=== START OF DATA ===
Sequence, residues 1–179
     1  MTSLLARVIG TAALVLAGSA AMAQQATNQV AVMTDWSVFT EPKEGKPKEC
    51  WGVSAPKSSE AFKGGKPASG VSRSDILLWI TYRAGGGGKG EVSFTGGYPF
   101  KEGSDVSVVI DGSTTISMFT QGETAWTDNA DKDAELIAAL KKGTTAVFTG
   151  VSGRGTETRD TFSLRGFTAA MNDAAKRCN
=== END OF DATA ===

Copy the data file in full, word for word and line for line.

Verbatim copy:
Sequence, residues 1–179
     1  MTSLLARVIG TAALVLAGSA AMAQQATNQV AVMTDWSVFT EPKEGKPKEC
    51  WGVSAPKSSE AFKGGKPASG VSRSDILLWI TYRAGGGGKG EVSFTGGYPF
   101  KEGSDVSVVI DGSTTISMFT QGETAWTDNA DKDAELIAAL KKGTTAVFTG
   151  VSGRGTETRD TFSLRGFTAA MNDAAKRCN